I turned and saw Desi standing in the doorway. My Desi—–well the fifty or so year old one I’d met before. He wore black slacks and a short sleeved black shirt with the white priest collar.
I’d come here to find him, but now that he stood in front of me I didn’t know what to say.
“I need to talk to you,” I finally got out.
“Uh, sure. Why don’t we step outside? Are you all right for a few moments Dom?”
Domenic glared at me and nodded. It was so strange to go back and forth between them. Born identical twins, now nearly thirty years apart in age.
Desi and I went out into the pleasantly decorated hallway and Desi led me to a quiet seating area that lent us some privacy. I didn’t sit down though.
I couldn’t get the images from the pictures of us out of my mind.
“Why are you so…young?” I blurted. “Er, at least so much younger than your brother?”
He sighed heavily. “Back in our time, he told me he was going on a recon trip. We did so many information gathering trips through your life, it became difficult to find a time that either of us could go back to at all.
“When he didn’t come back, I grew concerned. So I started combing through your lifetime looking for signs of him. I found out about what happened and I went to see him in prison. There was no way for me to get into the prison with my time travel watch.
“So we decided the only option was for me to travel to the date of his release, then we could travel out of here. Unfortunately his health had declined to a point that he couldn’t physically handle time travel. Not that it would matter anyway, a few days after arriving here my watch and tablet vanished.”
“You lost them?”
“No. They literally vanished. They faded from existence right in front of me.”
I started to dig through my purse. “I wonder if that has anything to do with this…” I said as I pulled out the watch and tablet.
His eyes went wide. “Where did you get those?”
“…You gave them to me.”
I explained everything to him. He sat down in one of the chairs and seemed a little dazed. “Dom explained to me about what he’d tried to do,” he said. “But he didn’t tell me you were the one who stopped him. All he would say is it went south.”
I sat down next to him and took a deep breath.
“What were those pictures I found of us on your tablet?” I asked quietly.
He looked over at me with surprise. “You saw the pictures…?”
I nodded. “And I don’t understand. I would never cheat on Will.”
He grew very upset. “You didn’t!”
“Then what was going on?”
He fiddled with the ring on his finger. “Mirielle…we were married.”
“How is that possible? I don’t even know you!”
“…You did…” he said sadly. “As I said, we spent a few years researching your life before we started making changes. I know it sounds incredibly creepy but…I fell in love with you. Things were getting bad, nothing we changed seemed to be working. We’d had this rule that we wouldn’t get directly involved in the past ourselves but…I wanted to know you.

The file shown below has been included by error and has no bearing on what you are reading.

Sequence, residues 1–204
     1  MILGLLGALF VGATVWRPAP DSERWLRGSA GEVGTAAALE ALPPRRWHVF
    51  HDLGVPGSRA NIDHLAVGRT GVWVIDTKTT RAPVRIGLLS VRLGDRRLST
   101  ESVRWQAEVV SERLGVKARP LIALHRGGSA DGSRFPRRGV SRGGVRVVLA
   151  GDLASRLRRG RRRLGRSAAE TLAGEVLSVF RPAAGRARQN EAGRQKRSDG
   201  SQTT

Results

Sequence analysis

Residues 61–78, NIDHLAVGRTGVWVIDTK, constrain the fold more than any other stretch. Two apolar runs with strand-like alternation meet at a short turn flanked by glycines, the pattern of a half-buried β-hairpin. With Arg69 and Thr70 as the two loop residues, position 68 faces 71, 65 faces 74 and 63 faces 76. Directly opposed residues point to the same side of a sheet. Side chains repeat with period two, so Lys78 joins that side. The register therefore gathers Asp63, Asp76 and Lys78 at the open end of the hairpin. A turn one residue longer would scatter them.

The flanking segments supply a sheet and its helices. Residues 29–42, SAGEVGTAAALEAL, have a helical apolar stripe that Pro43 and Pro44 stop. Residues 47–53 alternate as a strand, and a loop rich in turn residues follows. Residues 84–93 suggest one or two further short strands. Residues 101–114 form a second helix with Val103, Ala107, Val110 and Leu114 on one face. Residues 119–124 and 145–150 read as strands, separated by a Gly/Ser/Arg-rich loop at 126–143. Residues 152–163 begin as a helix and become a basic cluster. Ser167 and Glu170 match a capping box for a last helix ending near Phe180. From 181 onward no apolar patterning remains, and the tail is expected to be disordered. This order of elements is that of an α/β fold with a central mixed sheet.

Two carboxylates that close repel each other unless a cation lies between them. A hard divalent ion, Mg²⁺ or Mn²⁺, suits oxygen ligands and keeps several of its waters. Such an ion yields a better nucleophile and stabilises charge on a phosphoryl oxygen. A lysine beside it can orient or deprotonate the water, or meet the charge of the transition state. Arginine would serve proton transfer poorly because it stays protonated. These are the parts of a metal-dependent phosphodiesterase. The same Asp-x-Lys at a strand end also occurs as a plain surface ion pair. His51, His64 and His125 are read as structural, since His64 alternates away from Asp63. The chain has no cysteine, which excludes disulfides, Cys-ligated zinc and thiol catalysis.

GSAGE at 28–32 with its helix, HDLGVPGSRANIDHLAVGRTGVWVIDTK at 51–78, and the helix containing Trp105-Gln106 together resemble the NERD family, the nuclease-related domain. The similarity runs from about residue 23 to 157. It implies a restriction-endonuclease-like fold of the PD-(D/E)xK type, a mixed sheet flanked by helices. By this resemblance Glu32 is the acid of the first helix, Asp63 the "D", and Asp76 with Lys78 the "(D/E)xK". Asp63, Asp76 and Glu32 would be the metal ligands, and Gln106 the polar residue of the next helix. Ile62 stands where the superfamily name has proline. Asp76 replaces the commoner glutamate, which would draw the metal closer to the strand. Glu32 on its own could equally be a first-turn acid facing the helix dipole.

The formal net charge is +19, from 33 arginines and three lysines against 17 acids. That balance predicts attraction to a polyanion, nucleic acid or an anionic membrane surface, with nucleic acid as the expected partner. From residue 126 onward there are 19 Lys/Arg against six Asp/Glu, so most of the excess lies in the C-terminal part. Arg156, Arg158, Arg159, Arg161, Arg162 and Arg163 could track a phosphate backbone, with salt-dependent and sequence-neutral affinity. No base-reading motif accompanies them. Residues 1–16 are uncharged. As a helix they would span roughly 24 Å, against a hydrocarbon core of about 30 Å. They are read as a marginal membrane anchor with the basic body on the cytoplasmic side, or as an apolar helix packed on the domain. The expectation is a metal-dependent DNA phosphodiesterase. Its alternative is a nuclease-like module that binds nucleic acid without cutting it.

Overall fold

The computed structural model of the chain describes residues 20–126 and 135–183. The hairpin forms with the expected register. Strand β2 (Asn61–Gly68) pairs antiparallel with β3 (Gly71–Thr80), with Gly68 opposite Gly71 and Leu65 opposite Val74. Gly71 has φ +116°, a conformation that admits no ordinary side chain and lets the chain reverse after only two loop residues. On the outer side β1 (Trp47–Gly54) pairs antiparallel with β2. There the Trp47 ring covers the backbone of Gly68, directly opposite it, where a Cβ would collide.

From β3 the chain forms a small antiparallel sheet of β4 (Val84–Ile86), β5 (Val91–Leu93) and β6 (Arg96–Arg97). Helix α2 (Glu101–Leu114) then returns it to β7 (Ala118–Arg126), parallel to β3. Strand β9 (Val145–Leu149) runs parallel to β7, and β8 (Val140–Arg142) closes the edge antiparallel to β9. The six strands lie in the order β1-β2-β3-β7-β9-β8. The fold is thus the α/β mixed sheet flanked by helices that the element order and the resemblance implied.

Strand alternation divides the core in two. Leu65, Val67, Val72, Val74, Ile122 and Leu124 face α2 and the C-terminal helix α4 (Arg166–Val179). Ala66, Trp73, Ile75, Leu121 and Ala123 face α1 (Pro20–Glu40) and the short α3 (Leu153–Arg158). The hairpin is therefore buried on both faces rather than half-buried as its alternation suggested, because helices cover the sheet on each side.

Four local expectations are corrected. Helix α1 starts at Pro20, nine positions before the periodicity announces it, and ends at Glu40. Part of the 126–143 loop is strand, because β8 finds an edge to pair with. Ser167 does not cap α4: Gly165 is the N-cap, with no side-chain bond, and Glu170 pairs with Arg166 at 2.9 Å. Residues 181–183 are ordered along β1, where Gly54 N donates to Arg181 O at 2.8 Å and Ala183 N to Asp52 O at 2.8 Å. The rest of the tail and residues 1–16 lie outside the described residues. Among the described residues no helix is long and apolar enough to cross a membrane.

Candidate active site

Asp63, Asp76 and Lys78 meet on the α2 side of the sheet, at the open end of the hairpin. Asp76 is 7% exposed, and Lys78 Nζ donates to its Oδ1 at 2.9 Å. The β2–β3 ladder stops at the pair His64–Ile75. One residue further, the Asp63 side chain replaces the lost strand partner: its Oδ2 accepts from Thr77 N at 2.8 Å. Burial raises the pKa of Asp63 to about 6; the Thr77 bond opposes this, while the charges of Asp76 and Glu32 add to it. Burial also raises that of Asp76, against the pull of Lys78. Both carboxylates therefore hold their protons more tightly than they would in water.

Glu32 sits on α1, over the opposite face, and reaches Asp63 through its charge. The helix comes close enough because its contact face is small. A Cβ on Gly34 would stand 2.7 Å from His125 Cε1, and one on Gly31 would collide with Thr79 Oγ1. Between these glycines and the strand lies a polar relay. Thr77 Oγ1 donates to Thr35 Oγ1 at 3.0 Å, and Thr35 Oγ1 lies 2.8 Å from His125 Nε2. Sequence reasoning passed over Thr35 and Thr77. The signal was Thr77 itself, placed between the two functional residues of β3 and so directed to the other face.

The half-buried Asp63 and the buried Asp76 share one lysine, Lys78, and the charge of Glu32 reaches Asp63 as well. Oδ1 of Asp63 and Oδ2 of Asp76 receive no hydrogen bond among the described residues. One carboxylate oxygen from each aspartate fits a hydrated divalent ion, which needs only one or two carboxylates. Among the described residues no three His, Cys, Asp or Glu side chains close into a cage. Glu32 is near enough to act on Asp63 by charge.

“You were…you are such a good person. So smart and funny and charming. And I thought maybe if you were with me instead of Will, it would change the timeline for the better.”
“So you just orchestrated a Change to put us together?” I asked, feeling angry.
“No! No that wasn’t…it wasn’t like that… I orchestrated a change that sent Will across the country and then I just…introduced myself to you casually at a coffee shop. Okay it wasn’t casually, I actually pretended to spill something on you to give me an excuse to talk to you.”
It felt like I’d been punched in the face. That was the exact scenario I’d come up with to try to meet Will. Was the idea not even my own? Was it…a memory of sorts?
“And we clicked,” he went on, pulling me away from my thoughts. “We dated for six months and were married for a year…a very happy year.”
“Why did it Change again?”
All of this felt like a knife being jammed into me. But that felt like a twist.
“…How?” I asked.
We both sat silently for a long moment.
He sighed. “Obviously if Will was dead, he would never do what he needed to do to stop the war…so Dom changed things. And what you and I had was gone.”
“Why don’t I remember it…?”
“You seem to only be cognizant of the changes themselves. Dom had no real theory as to why you noticed the changes at all when no one else did. But his opinion about your memories was that your limited human brain simply couldn’t hold or keep organized all the information from all of those versions of your life. So it…filtered them.”
“So when you go back and stop me from doing what I did to create this current mess, will I forget all of this?”
He looked at me quizzically. “How did you create this?”
“I went back in time and stopped Domenic from killing me.”
“He didn’t tell me that it was you. He just told me his plan failed and he got caught…wait. You went to that night and stopped him?”
I nodded. “Clocked him with a lead pipe before he could shoot my mother.”
“Mirielle…I can’t go back to stop you. I was there that day.”
“No, you left. I saw you travel out in the alley before any of it happened.”
“No I—well yes I did. But I told you, we did so many recon trips in your life we were running out of times we could go back…”
He suddenly seemed riled up. He bolted up from his seat and I followed him as he stormed into Domenic’s room.